MO‐D‐304A‐03: Noise Suppression in Scatter Correction for Cone‐Beam CT

L. Xing, J. Wang, L. Zhu

Research output: Contribution to journalArticle

Abstract

Purpose: Scatter correction is crucial to the quality of reconstructed images in X‐ray cone‐beam computed tomography (CBCT). Most of existing scatter correction methods assume smooth scatter distributions. The high‐frequency scatter noise remains in the projection images even after a perfect scatter correction. To circumvent the problem and truly gain from scatter correction, an effective scatter noise suppression method must be in place. Method and Materials: We analyze the noise properties in the projections after scatter correction, and propose to use a penalized weighted least‐squares (PWLS) algorithm to reduce the noise in the reconstructed images. The method aims to estimate the ideal linear integrals by minimizing a PWLS objective function which models the first and second moments of the projection data. Results: Experimental results on an evaluation phantom (Catphan@600) show that the proposed algorithm further reduces the reconstruction error in a scatter corrected image from 10.6% to 1.7%, and increases the CNR by a factor of 3.6. Significant image quality improvement is also shown in the results on an anthropomorphic phantom, in which the global noise level is reduced and the local streaking artifacts around bones are suppressed. Conclusion: In this paper, using a clinical CBCT system and a measurement‐based scatter correction, we show that a scatter correction alone does not provide satisfactory image quality and the loss of the contrast‐to‐noise ratio (CNR) of the scatter corrected image may overwrite the benefit of scatter removal. A statistics‐based PWLS is proposed to reduce the image noise after scatter correction and the algorithm performance is demonstrated using experiments.

Original languageEnglish (US)
Number of pages1
JournalMedical Physics
Volume36
Issue number6
DOIs
StatePublished - 2009

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Noise
X Ray Computed Tomography
Quality Improvement
Artifacts
Tomography
Bone and Bones

ASJC Scopus subject areas

  • Biophysics
  • Radiology Nuclear Medicine and imaging

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MO‐D‐304A‐03 : Noise Suppression in Scatter Correction for Cone‐Beam CT. / Xing, L.; Wang, J.; Zhu, L.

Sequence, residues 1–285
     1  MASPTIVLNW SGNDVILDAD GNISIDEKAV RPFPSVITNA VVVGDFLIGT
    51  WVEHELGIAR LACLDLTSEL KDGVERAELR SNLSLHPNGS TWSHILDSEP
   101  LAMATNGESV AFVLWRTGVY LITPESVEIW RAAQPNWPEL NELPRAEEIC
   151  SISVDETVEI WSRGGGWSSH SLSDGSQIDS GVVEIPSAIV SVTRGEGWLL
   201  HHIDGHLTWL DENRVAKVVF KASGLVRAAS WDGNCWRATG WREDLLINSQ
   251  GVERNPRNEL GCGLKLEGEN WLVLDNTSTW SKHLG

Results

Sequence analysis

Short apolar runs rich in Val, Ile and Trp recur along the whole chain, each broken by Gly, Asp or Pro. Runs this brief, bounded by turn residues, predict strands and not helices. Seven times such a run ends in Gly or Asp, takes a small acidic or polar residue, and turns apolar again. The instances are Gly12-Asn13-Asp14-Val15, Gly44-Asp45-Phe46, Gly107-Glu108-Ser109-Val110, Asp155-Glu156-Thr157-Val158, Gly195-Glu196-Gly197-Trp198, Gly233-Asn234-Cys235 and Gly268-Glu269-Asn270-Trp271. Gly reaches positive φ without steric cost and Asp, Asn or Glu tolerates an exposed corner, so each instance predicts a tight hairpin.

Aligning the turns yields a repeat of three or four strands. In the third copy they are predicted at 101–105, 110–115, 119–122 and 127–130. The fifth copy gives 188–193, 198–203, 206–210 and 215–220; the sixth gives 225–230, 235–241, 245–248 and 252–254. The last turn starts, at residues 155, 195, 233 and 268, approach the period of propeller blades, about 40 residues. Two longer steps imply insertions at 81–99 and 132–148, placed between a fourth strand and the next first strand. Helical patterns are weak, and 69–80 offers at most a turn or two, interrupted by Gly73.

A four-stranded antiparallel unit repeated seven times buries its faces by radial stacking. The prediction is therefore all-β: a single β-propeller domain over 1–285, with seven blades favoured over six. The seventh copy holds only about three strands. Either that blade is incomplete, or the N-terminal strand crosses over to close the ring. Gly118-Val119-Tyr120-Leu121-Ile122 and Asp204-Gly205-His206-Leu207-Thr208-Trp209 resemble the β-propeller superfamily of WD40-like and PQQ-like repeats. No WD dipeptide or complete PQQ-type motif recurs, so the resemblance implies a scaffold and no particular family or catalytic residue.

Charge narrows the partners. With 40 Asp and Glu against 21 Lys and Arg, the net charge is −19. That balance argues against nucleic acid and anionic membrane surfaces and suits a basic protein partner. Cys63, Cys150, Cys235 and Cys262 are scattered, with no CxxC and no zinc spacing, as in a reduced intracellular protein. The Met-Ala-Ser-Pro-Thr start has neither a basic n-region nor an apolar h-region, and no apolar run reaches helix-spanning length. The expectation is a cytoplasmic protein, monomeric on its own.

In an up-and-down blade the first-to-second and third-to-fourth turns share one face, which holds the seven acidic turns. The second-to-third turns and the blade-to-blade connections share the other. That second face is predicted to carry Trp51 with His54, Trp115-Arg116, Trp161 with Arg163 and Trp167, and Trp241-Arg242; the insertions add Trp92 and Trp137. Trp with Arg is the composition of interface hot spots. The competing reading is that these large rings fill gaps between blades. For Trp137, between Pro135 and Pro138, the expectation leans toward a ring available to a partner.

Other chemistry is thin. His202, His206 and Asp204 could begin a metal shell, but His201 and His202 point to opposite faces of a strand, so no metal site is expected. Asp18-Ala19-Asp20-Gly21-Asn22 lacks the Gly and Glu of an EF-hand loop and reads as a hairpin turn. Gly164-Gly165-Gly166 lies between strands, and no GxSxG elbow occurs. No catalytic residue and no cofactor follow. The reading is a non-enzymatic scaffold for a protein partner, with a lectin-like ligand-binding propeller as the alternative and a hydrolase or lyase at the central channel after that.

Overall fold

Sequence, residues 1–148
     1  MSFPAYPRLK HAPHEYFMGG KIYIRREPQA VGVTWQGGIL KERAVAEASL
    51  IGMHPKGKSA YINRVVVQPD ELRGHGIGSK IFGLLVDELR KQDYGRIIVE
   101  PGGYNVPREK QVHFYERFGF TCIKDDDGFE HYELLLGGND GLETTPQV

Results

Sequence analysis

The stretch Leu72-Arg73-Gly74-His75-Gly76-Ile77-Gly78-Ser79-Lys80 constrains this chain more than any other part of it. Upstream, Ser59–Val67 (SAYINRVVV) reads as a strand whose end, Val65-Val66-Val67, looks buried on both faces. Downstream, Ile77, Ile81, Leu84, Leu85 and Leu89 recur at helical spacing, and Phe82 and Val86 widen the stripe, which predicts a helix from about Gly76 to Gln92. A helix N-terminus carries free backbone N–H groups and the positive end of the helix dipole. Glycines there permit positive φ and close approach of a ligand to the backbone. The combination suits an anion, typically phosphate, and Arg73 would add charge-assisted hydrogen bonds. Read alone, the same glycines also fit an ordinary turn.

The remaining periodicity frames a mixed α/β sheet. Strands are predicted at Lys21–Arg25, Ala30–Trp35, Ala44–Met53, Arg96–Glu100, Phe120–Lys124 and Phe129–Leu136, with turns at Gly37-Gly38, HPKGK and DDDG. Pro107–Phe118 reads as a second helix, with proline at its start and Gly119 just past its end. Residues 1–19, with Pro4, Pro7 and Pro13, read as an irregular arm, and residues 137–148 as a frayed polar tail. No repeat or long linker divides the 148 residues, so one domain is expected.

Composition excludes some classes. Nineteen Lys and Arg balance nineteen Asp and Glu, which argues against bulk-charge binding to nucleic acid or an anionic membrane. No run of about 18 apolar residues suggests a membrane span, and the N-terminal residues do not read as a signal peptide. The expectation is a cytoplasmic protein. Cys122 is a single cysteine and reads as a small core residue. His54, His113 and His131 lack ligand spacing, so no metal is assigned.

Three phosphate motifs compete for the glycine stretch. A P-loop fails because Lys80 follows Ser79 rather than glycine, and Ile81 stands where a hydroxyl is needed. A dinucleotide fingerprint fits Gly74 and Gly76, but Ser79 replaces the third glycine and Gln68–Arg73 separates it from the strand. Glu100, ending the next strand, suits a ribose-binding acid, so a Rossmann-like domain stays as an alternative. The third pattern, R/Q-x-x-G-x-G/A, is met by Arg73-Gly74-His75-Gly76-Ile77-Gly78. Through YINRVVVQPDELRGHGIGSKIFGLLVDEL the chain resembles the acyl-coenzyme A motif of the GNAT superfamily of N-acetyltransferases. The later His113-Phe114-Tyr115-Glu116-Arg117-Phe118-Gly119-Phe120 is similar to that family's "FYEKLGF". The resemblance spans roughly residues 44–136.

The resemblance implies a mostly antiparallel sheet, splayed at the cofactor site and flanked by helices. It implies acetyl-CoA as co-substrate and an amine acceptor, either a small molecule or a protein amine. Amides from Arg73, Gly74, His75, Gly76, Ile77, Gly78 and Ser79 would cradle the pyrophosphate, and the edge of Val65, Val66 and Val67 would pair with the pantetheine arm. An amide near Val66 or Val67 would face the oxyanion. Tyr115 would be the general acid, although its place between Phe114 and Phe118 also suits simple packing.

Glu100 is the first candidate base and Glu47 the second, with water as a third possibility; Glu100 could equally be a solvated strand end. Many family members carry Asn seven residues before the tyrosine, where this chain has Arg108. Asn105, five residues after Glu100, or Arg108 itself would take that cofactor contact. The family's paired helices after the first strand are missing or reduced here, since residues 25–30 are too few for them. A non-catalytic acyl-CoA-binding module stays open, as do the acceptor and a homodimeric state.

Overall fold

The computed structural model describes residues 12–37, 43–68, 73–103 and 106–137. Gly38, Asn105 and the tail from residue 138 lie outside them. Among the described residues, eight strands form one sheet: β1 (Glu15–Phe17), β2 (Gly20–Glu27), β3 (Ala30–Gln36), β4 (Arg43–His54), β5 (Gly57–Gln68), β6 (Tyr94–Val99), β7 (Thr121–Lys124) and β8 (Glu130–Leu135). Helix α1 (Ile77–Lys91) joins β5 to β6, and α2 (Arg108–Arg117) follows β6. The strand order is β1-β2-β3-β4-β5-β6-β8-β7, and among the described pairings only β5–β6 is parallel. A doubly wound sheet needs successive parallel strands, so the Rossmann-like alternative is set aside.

In: Medical Physics, Vol. 36, No. 6, 2009.

Research output: Contribution to journalArticle

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abstract = "Purpose: Scatter correction is crucial to the quality of reconstructed images in X‐ray cone‐beam computed tomography (CBCT). Most of existing scatter correction methods assume smooth scatter distributions. The high‐frequency scatter noise remains in the projection images even after a perfect scatter correction. To circumvent the problem and truly gain from scatter correction, an effective scatter noise suppression method must be in place. Method and Materials: We analyze the noise properties in the projections after scatter correction, and propose to use a penalized weighted least‐squares (PWLS) algorithm to reduce the noise in the reconstructed images. The method aims to estimate the ideal linear integrals by minimizing a PWLS objective function which models the first and second moments of the projection data. Results: Experimental results on an evaluation phantom (Catphan@600) show that the proposed algorithm further reduces the reconstruction error in a scatter corrected image from 10.6{\%} to 1.7{\%}, and increases the CNR by a factor of 3.6. Significant image quality improvement is also shown in the results on an anthropomorphic phantom, in which the global noise level is reduced and the local streaking artifacts around bones are suppressed. Conclusion: In this paper, using a clinical CBCT system and a measurement‐based scatter correction, we show that a scatter correction alone does not provide satisfactory image quality and the loss of the contrast‐to‐noise ratio (CNR) of the scatter corrected image may overwrite the benefit of scatter removal. A statistics‐based PWLS is proposed to reduce the image noise after scatter correction and the algorithm performance is demonstrated using experiments.",
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